What are your long-term goals for the project? What have you accomplished so far?
Our long-terms goals are to continue adding to the archive in subsequent elections, and also disseminate our results to the broader public. With outside groups increasingly prevalent in federal elections, it is imperative that voters know to what extent wealthy groups and donors are bankrolling persuasion efforts on television. We can speak to that—without any partisan or ideological goal on our part—by simply providing voters with information on who is advertising and at what levels.
To date, scholars have used the ad data from the project in dozens of scholarly articles, book chapters, and books. The data have allowed political scientists to develop and test sophisticated theories about how ads work in convincing voters to vote, and to see if ads have any effects on turnout or knowledge of key issues. Prior to this, the data for testing these effects were indirect and incomplete.
Do you have any hard results to share from this research? Do certain types of ads work better than others?
Great question, and there is no easy answer. It seems pretty clear that ads “work” in the sense that a great number of ads can move votes in your direction. But because many campaigns wind up with an equal number of ads for each side, the net effect is often zero. Travis Ridout and I have a book on this, The Persuasive Power of Campaign Ads, that uses data from the 2000, 2004, 2006, and 2008 elections. And political science has generally reached consensus that ads do not depress turnout; they might even stimulate interest in the election and raise turnout in small amounts. As to what “type” of ad works, the work continues.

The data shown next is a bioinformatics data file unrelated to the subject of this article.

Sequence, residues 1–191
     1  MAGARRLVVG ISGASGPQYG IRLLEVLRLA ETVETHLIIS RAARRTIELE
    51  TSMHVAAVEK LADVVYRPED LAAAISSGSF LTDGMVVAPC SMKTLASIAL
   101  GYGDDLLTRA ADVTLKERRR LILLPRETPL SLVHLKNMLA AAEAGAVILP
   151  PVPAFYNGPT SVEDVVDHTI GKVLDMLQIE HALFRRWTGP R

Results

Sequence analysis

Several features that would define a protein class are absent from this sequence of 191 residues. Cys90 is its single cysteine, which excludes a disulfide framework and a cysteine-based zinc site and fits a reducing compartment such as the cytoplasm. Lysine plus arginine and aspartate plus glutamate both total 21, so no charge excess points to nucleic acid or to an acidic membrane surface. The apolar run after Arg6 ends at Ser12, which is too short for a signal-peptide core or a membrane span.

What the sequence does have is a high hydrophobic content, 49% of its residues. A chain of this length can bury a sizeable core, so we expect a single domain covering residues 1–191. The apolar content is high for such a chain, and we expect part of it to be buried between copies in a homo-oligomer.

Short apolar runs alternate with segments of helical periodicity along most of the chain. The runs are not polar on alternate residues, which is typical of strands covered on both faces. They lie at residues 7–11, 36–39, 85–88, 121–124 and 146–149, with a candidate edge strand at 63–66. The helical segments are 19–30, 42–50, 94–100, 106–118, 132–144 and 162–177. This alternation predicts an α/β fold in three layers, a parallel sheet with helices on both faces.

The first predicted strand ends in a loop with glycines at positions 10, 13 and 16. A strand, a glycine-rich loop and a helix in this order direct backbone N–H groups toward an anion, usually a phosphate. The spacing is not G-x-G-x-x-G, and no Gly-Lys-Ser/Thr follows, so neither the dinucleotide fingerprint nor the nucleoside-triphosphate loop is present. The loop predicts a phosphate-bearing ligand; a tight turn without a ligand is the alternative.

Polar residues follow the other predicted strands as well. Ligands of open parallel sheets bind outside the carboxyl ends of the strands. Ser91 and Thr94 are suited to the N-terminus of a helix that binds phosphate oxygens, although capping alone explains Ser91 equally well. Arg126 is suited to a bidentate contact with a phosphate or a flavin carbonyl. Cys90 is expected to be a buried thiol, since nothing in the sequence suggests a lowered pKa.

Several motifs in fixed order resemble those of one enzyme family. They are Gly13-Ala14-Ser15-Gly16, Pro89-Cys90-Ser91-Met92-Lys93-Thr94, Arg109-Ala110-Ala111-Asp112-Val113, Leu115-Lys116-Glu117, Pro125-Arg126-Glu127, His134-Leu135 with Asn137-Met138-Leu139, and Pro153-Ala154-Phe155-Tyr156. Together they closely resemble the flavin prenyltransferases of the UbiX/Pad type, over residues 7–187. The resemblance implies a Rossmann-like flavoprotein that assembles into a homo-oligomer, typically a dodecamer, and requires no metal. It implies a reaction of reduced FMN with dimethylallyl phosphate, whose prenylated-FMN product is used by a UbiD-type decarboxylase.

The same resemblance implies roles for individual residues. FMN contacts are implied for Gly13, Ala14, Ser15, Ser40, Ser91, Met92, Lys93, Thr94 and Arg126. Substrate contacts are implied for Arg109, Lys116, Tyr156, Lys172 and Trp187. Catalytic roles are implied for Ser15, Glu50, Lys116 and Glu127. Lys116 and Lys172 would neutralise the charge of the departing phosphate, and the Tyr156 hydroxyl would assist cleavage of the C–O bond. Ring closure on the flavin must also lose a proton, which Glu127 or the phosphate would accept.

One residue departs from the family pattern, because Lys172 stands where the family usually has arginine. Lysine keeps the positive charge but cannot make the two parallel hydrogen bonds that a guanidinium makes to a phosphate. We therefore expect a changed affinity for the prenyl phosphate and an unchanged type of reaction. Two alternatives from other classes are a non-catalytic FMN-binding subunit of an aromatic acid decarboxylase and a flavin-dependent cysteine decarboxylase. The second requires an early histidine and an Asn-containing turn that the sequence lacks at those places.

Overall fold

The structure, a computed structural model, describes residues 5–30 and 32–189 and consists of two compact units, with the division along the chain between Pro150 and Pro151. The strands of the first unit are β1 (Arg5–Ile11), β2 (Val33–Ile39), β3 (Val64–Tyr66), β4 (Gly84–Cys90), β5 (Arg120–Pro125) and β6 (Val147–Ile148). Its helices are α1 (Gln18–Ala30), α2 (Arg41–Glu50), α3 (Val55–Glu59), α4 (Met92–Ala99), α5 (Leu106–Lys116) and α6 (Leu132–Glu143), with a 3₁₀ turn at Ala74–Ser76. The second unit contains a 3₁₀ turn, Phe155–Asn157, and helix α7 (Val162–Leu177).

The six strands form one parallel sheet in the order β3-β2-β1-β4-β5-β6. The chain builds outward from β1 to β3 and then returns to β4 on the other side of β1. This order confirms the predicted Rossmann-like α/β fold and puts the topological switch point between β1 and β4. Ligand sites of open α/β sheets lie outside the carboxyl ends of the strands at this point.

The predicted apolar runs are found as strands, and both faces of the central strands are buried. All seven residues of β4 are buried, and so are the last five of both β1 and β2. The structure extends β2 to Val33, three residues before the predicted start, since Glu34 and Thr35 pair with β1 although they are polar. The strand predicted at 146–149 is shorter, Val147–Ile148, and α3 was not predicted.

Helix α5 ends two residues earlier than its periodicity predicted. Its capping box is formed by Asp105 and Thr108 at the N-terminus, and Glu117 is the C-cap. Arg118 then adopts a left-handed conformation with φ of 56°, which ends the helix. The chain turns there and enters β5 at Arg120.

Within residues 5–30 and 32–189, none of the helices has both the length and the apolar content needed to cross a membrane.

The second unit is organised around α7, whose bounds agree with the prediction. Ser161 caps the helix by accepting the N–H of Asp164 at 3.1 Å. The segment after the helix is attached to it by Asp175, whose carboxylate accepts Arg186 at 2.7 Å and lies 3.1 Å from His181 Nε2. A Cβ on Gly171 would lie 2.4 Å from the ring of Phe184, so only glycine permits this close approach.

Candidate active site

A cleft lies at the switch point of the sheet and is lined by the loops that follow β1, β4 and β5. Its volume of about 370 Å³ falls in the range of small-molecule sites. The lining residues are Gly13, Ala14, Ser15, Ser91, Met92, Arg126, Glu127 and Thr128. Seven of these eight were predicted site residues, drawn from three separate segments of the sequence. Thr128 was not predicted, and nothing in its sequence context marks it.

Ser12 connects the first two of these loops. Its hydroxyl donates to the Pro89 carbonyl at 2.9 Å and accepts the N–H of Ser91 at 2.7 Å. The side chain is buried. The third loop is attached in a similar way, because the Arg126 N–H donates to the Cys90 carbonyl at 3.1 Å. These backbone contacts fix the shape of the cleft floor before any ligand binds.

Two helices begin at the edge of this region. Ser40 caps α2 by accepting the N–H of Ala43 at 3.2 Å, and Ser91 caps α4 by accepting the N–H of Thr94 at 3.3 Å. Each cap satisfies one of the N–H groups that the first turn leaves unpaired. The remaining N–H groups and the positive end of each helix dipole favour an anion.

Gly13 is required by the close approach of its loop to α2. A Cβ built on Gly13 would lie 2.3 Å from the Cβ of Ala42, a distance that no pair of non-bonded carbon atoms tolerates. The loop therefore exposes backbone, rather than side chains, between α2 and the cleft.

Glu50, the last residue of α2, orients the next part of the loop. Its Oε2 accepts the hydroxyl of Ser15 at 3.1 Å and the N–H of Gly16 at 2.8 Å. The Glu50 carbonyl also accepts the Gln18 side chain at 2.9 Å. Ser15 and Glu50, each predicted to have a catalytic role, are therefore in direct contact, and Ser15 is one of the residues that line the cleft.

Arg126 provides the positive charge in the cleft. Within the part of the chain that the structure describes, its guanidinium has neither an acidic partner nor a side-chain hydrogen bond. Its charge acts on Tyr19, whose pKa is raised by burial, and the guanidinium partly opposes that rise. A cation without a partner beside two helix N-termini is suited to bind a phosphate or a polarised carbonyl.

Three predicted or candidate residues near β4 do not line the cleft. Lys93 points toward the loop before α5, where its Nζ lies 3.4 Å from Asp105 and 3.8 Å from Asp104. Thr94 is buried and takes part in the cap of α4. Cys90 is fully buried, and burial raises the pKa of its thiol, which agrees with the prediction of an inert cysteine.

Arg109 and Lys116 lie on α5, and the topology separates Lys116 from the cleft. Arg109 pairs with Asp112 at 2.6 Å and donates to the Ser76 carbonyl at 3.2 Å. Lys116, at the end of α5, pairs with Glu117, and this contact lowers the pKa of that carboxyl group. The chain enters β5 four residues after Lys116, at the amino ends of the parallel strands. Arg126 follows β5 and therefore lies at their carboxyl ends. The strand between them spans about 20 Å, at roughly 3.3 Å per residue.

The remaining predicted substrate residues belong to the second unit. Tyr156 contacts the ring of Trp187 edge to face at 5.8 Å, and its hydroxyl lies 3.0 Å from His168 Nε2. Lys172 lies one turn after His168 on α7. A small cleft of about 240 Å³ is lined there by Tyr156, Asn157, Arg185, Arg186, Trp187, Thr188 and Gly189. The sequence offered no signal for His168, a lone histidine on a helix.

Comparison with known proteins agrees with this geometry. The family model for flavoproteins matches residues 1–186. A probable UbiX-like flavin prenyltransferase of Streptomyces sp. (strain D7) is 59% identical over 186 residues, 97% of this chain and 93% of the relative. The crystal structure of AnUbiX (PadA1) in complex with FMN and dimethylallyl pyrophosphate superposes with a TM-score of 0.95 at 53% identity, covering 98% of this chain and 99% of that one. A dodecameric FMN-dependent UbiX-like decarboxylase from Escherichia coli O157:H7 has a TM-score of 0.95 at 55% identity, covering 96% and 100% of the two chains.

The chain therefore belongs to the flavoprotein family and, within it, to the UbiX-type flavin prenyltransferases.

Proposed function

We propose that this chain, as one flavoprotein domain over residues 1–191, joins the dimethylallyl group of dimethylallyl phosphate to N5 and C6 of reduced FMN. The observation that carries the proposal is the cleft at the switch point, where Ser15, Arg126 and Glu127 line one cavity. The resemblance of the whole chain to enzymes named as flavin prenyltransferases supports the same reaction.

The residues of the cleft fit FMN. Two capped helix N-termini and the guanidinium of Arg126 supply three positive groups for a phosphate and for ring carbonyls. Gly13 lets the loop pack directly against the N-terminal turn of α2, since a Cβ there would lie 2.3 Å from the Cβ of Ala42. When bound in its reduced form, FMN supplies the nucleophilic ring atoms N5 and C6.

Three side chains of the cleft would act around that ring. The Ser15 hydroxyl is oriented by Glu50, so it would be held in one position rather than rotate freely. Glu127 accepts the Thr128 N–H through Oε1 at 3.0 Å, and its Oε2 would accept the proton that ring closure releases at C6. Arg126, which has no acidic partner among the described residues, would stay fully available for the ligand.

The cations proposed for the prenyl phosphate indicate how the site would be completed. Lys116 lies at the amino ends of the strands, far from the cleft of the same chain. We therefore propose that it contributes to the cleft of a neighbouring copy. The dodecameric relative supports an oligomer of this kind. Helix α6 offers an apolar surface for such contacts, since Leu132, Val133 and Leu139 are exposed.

What trends have you seen with political ads for the 2012 election?
This presidential race has had more ads than any previous election; both candidates, especially Obama, have aired an incredible number of negative ads; and outside groups, especially in support of Romney, have been extremely active. Even in congressional races, the level of spending from outside groups has been very high. This has been a very interesting election, one that has broken lots of records with respect to political ads.
How does the political ad landscape in swing states compare to other areas of the country?
In the presidential race, it’s simple. If you live in a battleground state, you are probably sick of hearing candidates approve their message by now. If you don’t live in a battleground state, you are being ignored. The only exception is one particularly interesting feature of media markets across the country—they don’t always line up with state boundaries. So some voters in non-battleground states (like Maine or Massachusetts) see ads because of their proximity to battleground states (like New Hampshire, which is covered in part by the Portland, ME and Boston media markets).